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Final arguments in trial of two Alberta Mounties charged with manslaughter complete

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Cpl. Randy Stegner, front, and Const. Jessica Brown leave court after another day of their jury trial on charges of manslaughter with a firearm, aggravated assault and discharging a firearm with intent to cause bodily harm, in Edmonton on Friday, Nov. 25, 2022. THE CANADIAN PRESS/Amber Bracken

EDMONTON — Lawyers for two Alberta Mounties charged with manslaughter in the shooting death of a man at a rest stop told a jury trial Thursday that their clients acted in self defence, while the Crown contends they used excessive force.

The closing arguments were made in the case of Const. Jessica Brown, 31, and Cpl. Randy Stenger, 45, who are accused of manslaughter and aggravated assault in the death of 31-year-old Clayton Crawford on July 3, 2018, near Whitecourt, Alta.

The jury has heard that Crawford suffered from 10 gunshot wounds after Brown fired her carbine rifle eight times, while Stenger shot his semi-automatic pistol four times.

Whitecourt RCMP were notified of the sighting of a purple 1992 Dodge Dakota pickup truck at a rest stop that was seen fleeing the area of a shooting the day before in Valhalla Centre, a hamlet about 300 kilometres northwest of where Crawford was killed.

Confusion as to whether or not the driver of the truck was the suspect in the shooting or the intended target came up numerous times during the trial.

Crown attorney Linda Shin told the jury that Brown and Stenger made assumptions about the information that was given to them about Crawford.

"(Brown's) guesses or assumptions were neither educated nor reasonable," said Shin. "She had all the information she needed, distorted to fit the picture she already painted."

Earlier in the trial, court heard that Brown received a vague call from the Grande Prairie RCMP where she was asked to "check out" a purple pickup truck that was spotted by an off-duty officer at a rest stop near Whitecourt. The clerk told Brown that the person in the truck may have been involved in a shooting the day before in Valhalla Centre.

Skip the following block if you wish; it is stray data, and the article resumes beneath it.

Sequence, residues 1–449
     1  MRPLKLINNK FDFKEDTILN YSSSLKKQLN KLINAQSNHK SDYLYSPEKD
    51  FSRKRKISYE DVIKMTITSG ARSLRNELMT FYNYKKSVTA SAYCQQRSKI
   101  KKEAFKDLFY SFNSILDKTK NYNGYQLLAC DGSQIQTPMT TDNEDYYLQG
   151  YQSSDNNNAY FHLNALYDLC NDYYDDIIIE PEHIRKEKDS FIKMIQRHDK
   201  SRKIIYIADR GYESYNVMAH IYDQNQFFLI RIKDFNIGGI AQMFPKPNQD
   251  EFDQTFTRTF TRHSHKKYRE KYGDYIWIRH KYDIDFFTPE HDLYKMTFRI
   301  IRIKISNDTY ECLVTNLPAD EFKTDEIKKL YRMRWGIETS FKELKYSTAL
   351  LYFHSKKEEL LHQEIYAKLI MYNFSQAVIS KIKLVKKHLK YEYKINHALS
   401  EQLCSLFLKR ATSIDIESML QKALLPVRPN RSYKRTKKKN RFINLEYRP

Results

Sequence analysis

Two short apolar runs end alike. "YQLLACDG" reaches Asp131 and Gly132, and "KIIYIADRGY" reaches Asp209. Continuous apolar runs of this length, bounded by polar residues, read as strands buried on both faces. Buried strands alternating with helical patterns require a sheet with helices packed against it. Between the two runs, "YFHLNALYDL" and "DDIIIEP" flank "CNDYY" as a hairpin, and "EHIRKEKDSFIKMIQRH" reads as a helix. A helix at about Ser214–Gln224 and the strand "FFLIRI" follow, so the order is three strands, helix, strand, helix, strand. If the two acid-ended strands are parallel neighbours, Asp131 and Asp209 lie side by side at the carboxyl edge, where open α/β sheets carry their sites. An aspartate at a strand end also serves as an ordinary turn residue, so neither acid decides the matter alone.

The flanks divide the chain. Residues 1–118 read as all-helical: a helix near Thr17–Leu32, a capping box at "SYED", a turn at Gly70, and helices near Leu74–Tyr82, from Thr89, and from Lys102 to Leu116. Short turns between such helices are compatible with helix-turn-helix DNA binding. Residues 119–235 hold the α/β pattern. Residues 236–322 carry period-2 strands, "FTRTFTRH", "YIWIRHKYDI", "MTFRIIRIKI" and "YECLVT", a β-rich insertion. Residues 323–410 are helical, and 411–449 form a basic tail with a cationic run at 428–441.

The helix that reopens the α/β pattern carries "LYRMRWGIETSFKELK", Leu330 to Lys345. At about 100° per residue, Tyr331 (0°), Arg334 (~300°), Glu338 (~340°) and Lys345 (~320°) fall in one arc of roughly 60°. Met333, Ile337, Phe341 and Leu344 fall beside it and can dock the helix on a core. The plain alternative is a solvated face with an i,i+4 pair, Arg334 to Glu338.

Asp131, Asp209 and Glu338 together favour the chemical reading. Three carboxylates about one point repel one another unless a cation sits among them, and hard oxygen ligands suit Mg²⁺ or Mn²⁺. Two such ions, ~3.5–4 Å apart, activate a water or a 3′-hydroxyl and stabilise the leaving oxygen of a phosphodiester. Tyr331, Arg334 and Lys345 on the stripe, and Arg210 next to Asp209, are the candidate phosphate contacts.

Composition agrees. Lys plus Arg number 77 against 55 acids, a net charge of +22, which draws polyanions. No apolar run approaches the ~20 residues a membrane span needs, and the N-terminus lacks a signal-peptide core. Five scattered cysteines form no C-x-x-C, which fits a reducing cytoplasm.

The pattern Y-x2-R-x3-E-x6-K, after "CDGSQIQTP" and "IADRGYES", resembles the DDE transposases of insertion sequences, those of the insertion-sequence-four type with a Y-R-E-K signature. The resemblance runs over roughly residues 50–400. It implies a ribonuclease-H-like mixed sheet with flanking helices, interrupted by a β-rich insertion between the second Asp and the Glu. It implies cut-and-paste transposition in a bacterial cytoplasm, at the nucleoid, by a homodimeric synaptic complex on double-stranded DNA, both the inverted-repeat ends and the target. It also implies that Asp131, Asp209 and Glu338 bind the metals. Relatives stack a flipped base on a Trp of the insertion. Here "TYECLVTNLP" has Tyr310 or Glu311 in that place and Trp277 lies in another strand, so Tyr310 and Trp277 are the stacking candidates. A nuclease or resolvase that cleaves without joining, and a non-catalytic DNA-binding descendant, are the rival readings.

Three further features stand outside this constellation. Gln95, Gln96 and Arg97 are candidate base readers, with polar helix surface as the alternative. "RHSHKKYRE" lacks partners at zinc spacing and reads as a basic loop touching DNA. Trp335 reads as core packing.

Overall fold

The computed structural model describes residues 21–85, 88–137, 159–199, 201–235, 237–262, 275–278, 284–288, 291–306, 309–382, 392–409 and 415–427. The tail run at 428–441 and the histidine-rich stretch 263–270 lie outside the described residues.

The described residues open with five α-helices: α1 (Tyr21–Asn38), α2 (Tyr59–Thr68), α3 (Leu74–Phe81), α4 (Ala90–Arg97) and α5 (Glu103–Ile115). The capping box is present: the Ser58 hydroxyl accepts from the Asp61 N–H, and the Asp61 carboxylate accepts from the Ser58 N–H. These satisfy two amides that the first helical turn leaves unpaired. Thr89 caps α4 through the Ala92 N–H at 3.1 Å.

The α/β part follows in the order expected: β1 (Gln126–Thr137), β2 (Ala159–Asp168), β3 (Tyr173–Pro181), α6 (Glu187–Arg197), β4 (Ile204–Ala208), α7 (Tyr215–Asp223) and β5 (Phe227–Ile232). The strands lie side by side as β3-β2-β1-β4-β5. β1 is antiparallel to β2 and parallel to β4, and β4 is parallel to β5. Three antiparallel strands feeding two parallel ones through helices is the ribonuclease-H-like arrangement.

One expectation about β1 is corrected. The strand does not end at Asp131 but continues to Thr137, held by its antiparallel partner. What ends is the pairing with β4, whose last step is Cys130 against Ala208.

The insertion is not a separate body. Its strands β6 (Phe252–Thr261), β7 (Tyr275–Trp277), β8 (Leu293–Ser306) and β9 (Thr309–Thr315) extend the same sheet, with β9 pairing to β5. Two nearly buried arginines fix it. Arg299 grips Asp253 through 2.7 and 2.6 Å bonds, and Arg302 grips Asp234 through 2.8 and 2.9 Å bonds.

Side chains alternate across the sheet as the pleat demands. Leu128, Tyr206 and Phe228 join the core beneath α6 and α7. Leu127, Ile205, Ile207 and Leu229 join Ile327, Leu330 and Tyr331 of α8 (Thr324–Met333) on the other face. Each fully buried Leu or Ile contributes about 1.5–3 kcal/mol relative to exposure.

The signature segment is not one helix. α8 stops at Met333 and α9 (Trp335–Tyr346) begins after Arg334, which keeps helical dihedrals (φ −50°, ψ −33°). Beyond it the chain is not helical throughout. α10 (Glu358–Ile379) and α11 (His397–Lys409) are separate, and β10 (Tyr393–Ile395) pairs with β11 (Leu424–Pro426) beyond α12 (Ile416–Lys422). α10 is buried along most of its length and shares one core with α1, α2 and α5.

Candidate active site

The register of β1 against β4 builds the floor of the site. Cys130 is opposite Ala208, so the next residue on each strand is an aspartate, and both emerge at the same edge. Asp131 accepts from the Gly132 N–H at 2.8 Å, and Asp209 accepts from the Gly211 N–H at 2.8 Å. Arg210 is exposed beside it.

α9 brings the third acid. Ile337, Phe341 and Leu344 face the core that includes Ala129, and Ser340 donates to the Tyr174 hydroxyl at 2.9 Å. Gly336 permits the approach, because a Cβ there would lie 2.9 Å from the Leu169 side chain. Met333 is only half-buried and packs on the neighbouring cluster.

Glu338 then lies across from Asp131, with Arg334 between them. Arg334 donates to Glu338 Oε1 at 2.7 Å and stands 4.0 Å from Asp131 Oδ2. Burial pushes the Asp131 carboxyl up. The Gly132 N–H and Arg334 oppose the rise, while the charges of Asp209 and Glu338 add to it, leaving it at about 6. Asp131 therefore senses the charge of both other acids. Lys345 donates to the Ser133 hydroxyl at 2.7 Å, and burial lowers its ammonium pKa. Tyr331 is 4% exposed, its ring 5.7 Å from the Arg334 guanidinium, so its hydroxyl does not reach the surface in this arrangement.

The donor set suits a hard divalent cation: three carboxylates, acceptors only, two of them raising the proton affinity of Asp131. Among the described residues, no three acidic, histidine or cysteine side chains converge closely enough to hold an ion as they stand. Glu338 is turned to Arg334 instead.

Both the Crown and the defence say that the shooting in Valhalla Centre may have been about a dispute over a "drug den." Crawford was known to be involved in the drug trade and had been previously arrested for discharging a firearm. None of Crawford's criminal history was known to the two Mounties at the time.

A toxicology report showed that Crawford had methamphetamines in his blood at the time of his death. 

Stenger and Brown testified last week that they fired at Crawford when he tried to flee from the Chickadee Creek rest stop after they approached him.

Prosecutors said that Brown and her team approached the truck with incomplete information about the driver and the shooting the day before. 

The defence said that the Mounties had a duty to act.

"She was doing her job," said Brown's lawyer Robb Beeman. "Should they have just driven away? Of course not."

Stenger's attorney Mona Duckett said the Mounties could draw inferences from the information that they were given.

"That's not jumping to conclusions," Duckett told the jury. 

Shin said before Crawford was approached, Brown and Stenger had opportunities to seek out more information about the driver of the truck and the shooting the day before.

"This case is not about what happened," Shin said to the jury. "This is a case about failure in the basics of police work."

The jury was told that when Brown and Stenger approached the truck it appeared as though the man in the driver's seat was sleeping.

Brown testified she saw Crawford reach between his legs and thought that he was reaching for a weapon. A third officer broke the driver's window with a baton and there was a struggle.

"In a desperate effort to pull him out of the car and control his hands, she had to make critical split-second decisions in real-time," said Beeman.

"Mr. Crawford was not resisting any legal arrest," Shin said. "It was Crawford who was being unlawfully assaulted."

Brown testified that Crawford started the truck and began driving backward. She said she thought he was using the truck as a weapon and she feared for her life and the lives of her colleagues.

Duckett said that her client Stenger relied on the reactions of his colleagues when he fired the first shot at Crawford.

Last week Stenger testified that Crawford was trying to run them over, and it was an automatic reaction for him to fire his gun.

"He did as he was trained," Duckett told the jury. "His response was his only option to preserve the lives that he believed were at risk."

Shin argued that the only natural reaction for Crawford was to panic after he faced the barrel of a semi-automatic weapon.

Shin repeated that it was Stenger and Brown who caused the danger at the rest stop because of the information that they did not have, nor seek when they approached the truck, armed and in broad daylight. 

"We do not want the police running around, half-cocked, wielding assault weapons." Shin told the jury.

"Clayton Crawford deserved to go home to loved ones and, tragically, did not."

The jury is expected to announce its verdict in the coming days.

This report by The Canadian Press was first published Dec. 8, 2022.

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This story was produced with the financial assistance of the Meta and Canadian Press News Fellowship.

Angela Amato, The Canadian Press